Moore's law is ok.

I prefer that law, forget the name right now, that says that as computational power increases, windows will require ALL of it to run, greatly increasing demand for CPU and RAM, and lowering the cost of hardware just behind the curve for the rest of us.

Re:Why I love Moore's law (4, Funny)

FeepingCreature (1132265) | more than 3 years ago | (#34543862)

Moore's law is ok. I prefer that law, forget the name right now, that says that as computational power increases, windows will require ALL of it to run, greatly increasing demand for CPU and RAM, and lowering the cost of hardware just behind the curve for the rest of us.

As Intel giveth, Microsoft taketh away.

Re:Why I love Moore's law (1)

Memnos (937795) | more than 3 years ago | (#34546060)

I have a cat. I routinely exceed ten petaflops daily, but it screws up her neural net processing big time.

Re:Why I love Moore's law (4, Informative)

Esvandiary (1302095) | more than 3 years ago | (#34543996)

I believe May's Law is the one you're referring to; a corollary to Moore's Law, stating that software efficiency halves every 18 months (or two years).

Re:Why I love Moore's law (1)

Hognoxious (631665) | more than 3 years ago | (#34545042)

I don't know if it's the efficiency that falls, or just that all the extra power gets used on 3D-shaded semi-transparent smooth-scrolling menus.

Why yes Vista, I did glance at you!

Re:Why I love Moore's law (2)

alienzed (732782) | more than 3 years ago | (#34543896)

Computational power is definitely growing, but so are the requirements of the software that runs on them. Microsoft Word isn't any faster today than it was ten years ago, yet our computers are many times more powerful and more capable. Isn't it amazing to think that ten years ago, it was the year 2000. Time really does fly.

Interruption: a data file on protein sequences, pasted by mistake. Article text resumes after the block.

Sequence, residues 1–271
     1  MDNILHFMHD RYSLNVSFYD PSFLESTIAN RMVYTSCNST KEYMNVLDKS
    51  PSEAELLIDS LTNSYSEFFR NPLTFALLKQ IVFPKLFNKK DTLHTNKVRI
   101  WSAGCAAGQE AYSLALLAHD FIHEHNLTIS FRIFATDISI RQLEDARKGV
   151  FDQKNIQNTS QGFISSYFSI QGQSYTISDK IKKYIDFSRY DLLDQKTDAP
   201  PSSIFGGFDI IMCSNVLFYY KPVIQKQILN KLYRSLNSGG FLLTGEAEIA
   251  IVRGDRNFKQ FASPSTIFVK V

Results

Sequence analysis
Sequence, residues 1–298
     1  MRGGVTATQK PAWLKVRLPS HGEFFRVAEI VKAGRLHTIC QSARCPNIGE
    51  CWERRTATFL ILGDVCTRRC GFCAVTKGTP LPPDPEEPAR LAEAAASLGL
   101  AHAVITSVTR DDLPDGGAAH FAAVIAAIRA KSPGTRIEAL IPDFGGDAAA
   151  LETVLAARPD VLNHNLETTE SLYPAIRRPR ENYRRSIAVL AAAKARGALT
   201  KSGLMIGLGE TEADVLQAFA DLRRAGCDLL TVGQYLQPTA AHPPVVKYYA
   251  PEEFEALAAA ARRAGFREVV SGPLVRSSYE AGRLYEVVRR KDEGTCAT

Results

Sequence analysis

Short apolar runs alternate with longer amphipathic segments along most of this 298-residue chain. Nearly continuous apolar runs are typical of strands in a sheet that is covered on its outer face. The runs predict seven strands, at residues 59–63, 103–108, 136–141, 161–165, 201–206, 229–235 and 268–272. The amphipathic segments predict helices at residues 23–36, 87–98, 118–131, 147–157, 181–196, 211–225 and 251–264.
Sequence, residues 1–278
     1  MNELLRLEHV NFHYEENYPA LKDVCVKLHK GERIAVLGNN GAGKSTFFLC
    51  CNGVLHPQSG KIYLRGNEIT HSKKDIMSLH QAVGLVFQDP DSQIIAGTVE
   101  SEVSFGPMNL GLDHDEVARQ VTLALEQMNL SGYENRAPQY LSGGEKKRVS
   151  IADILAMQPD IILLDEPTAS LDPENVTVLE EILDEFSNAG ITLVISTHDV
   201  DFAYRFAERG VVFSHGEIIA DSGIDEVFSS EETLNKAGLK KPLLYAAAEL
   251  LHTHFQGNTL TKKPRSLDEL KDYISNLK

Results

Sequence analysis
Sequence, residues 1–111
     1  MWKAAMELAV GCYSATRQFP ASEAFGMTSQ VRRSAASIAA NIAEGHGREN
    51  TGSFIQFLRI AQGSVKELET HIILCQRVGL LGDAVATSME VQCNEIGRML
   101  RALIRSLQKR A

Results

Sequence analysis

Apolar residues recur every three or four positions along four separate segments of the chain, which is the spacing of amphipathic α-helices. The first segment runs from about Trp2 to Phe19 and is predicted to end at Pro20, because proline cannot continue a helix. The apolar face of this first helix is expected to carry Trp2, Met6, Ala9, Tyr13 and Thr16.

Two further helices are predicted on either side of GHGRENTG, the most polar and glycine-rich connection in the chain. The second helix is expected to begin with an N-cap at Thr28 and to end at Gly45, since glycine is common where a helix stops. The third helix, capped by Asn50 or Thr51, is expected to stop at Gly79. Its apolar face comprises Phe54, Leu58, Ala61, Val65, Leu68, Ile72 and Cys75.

Re:Why I love Moore's law (1)

Aeternitas827 (1256210) | more than 3 years ago | (#34544438)

Overall, it's not necessarily the amount of computational power available that makes things happen; the extra power simply helps things happen faster. Having Petaflop systems available certainly helps out with the insanely complex tasks (like those in the medical and physics fields); the trickle-down of those developments also make for the nice shiny toys that we call phones. End of the day, though, to the casual user it means nearly nothing, except for when it affects the price tag and/or the performance of their Flash-based games.

In essence, the things we've found in the last, say, 18 years (base assumption, being that you call yourself a 'young man'--you could be a tad on either side, it's not a term i've used to describe myself (at 24 currently) in 4-5 years), would have been found with the systems of the day given sufficient time and ingenuity, without significant improvements on the hardware capabilities. The fact that the hardware is being pushed to the absolute limits is a byproduct of what I would consider to be human nature--to be the biggest, the best, the fastest, regardless of the goal; it's a natural progression of things, and where it has industrial implications, why not map those to the consumer sector? It certainly doesn't hurt (much), once it's proven to work well.